Best Of :: Food & Drink
The giant milk can that houses Little Man Ice Cream has become a landmark in LoHi, attracting long lines of ice cream fans on even the coldest days. But in the warmer months, Little Man now takes it to the streets with Little Man on Wheels, a custom bike cart that peddles a half-dozen of the creamery's most popular flavors — in scoop, cone or sandwich form — on the 16th Street Mall. The cart will even pedal its way to private events. And you never need to feel bad about indulging in this good stuff: Under the Scoop for Scoop program, for every scoop of ice cream purchased, Little Man donates a scoop of rice or beans to a needy community somewhere in the world.
It's good to be king. It's even better to be at Breakfast King when everyone else is asleep and you're looking for a home away from home, a home where the friendly, wisecracking servers know not just your name, but your regular order. That's likely to be chicken-fried steak smothered in country gravy — the best chicken-fried steak in the city at any time of the day — sided with endless cups of coffee. But the kitchen is cooking up that huge menu at all hours, so you can also get eggs any way imaginable, comfort-food dinners, or just a big slice of pie to soak up some of the coffee. No matter what you order, it will be a feast fit for a king.
People love chicken. People love waffles. Why, then, is chicken and waffles so polarizing, one of those dishes you either love or hate? At Session Kitchen, chef Scott Parker has created a version so good, and yet so different, we can all agree to like it. Called "chicken-liver mousse," his alternative is every bit as rich as the original, yet it comes off much lighter and more contemporary, a perfect fit for the dynamic street art and murals inside the stunning two-level space. Rather than fried chicken, Parker offers a jar of chicken-liver mousse accented with a dollop of seasonal, housemade jam. Sharing the plate are airy, crisp Belgian waffles, scented with orange and made from almond flour. The combination of smooth, earthy mousse, sweet jam and waffle is not a traditional chicken and waffles, but no one's quibbling when it tastes this good.
At a time when nearly anything can be eaten at the bar, it's hard to say just what counts as bar snacks. Is it a small plate of rillette on toast? Wings? Housemade trail mix? Yes to all. But when you want a classic snack, something with crunch and salt to nibble while unwinding from the day over a drink, nothing beats the mariquitas Cubana at Cuba Cuba. With a hint of sweetness and none of the oily residue of freshly fried potato chips, these long, thin strips of fried green plantains are just what you want with your coconut mojito. Although also available at the Sandwicherias in Boulder and Glendale, they're at their best at the flagship, full-service restaurant, where they're paired not just with garlicky mojo, but with mango-habanero mojo and guacamole. The platter is large enough for everyone to have some, but not so big that it will ruin the very good dinner to come.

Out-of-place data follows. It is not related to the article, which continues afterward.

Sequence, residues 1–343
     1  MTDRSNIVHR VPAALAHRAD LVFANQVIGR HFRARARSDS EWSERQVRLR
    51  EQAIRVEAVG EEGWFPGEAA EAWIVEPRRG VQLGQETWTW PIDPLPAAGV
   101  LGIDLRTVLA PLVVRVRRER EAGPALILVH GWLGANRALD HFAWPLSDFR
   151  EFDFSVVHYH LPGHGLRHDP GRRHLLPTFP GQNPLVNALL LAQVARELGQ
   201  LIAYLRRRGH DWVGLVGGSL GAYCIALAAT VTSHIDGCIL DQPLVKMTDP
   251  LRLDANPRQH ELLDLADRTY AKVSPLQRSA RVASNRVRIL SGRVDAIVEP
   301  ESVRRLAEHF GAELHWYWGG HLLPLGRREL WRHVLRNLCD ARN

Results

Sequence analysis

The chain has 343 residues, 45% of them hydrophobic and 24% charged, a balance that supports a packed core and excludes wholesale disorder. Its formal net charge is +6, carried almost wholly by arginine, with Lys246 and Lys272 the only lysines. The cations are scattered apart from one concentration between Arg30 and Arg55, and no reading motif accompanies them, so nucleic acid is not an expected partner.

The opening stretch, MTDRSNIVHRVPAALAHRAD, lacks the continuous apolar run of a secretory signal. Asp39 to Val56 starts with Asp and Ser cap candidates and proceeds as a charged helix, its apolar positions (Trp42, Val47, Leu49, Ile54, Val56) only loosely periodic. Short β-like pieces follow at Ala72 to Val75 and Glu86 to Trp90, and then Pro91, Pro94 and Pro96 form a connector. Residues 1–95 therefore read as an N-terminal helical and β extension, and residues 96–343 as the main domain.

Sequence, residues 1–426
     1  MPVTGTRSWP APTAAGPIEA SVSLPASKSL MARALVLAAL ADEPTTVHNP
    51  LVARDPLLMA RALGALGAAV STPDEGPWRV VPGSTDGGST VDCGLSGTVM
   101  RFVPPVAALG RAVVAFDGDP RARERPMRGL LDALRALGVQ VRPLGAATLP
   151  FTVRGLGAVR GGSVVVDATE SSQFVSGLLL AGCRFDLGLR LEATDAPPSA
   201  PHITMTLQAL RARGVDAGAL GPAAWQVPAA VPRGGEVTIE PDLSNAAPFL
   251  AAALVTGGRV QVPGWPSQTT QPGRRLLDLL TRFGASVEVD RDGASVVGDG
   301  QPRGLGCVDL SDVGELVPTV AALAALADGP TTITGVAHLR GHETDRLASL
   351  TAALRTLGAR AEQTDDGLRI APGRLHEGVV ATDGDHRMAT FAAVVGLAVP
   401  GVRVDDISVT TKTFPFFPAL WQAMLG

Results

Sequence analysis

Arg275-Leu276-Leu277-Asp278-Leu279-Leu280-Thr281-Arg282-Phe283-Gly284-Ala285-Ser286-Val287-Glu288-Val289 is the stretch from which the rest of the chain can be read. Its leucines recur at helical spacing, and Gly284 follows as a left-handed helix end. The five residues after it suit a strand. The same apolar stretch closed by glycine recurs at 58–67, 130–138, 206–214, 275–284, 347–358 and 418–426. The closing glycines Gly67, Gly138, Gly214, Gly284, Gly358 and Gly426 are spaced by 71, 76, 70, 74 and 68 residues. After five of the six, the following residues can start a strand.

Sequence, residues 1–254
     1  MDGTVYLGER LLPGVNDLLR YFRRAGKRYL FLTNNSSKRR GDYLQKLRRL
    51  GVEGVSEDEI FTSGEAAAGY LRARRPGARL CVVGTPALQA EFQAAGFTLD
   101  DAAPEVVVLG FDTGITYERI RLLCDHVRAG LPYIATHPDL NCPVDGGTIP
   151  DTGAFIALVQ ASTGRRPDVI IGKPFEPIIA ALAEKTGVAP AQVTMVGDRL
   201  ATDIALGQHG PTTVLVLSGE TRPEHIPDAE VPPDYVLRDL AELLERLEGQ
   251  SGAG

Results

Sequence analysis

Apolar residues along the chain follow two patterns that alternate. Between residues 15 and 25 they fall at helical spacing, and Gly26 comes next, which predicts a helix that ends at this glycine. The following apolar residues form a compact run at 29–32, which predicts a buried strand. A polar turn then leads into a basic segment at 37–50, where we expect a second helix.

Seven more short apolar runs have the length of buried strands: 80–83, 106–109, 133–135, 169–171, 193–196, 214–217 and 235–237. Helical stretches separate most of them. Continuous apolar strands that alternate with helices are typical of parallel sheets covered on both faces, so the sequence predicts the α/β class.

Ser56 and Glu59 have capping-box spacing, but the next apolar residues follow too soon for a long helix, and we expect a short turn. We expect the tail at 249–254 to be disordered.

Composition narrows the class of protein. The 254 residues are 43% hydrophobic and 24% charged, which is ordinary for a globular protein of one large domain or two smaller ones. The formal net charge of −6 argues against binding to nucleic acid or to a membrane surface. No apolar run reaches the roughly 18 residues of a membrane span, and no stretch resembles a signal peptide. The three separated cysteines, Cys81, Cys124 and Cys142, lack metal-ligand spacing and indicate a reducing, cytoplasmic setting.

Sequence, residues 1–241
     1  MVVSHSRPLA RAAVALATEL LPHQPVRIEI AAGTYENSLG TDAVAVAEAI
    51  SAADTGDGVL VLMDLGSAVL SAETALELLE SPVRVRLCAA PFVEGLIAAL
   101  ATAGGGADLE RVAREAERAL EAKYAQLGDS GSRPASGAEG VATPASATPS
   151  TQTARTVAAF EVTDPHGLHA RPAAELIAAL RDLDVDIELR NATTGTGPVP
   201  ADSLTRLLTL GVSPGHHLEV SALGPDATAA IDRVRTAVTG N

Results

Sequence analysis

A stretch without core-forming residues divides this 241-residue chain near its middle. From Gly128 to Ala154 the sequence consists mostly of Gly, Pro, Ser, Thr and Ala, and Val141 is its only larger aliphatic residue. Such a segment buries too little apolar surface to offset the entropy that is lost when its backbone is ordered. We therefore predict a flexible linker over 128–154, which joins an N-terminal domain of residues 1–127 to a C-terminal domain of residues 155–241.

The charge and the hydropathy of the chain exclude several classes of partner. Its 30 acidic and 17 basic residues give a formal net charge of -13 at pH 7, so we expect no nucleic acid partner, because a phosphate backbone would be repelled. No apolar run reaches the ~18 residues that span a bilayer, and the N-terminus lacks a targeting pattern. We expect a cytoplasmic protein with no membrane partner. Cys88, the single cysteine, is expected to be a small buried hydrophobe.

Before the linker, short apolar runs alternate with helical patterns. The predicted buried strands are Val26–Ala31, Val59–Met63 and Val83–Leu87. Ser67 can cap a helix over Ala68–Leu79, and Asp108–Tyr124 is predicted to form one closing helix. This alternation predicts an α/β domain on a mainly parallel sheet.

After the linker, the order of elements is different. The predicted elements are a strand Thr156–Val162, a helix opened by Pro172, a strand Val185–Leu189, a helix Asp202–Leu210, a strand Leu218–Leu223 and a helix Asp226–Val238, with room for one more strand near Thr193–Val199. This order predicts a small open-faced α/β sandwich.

The best just got better last year, when Boney's Smokehouse — Lamont and Trina Lynch's downtown, down-home restaurant — moved into a bigger space just a few doors away. Tucked in the basement, the new Boney's can be hard to find, but it's definitely worth the search...and some advance planning, since the hours are limited. But there's no limit to the load of barbecue you'll want to order — brisket, chopped chicken, pulled pork, hot links and ribs that have so much flavor from their dry rub and long tenure over low heat that they don't need sauce. Still, you won't want to miss the three versions at Boney's: a tangy basic sauce also offered hot, a sweet jalapeño and an excellent, mustardy gold. And give Boney's extra points for sides ranging from great collard greens and barbecue beans to lip-smacking mac and cheese. Lamont, a native of Florida, has spent years giving a Southern tweak to a repertoire of family recipes imported from the Bahamas; as a result, this barbecue defies categorization. Just call it the best.
"I think I love you," swooned the woman at the bar, her proclamation intended for the bartender who'd just slid a textbook-perfect Manhattan under her nose. Marcel Templet, the veteran who's been behind the booze at Capital Grille for ten years, is an everyman's bartender, an effortlessly affable guy who's mastered the art of greeting every stain of lipstick and every tint of tie by name while simultaneously commiserating with a just-dumped barfly, announcing game scores, juggling four liquor bottles and reciting the backstory of every spirit he pours. And he does all of it with genuine authenticity and an easy smile. You can teach almost anyone how to make a good cocktail, but it's the personality of the bartender that defines the personality of the bar, and Templet, whose showmanship hits all the right notes, leaves a lovely lasting impression.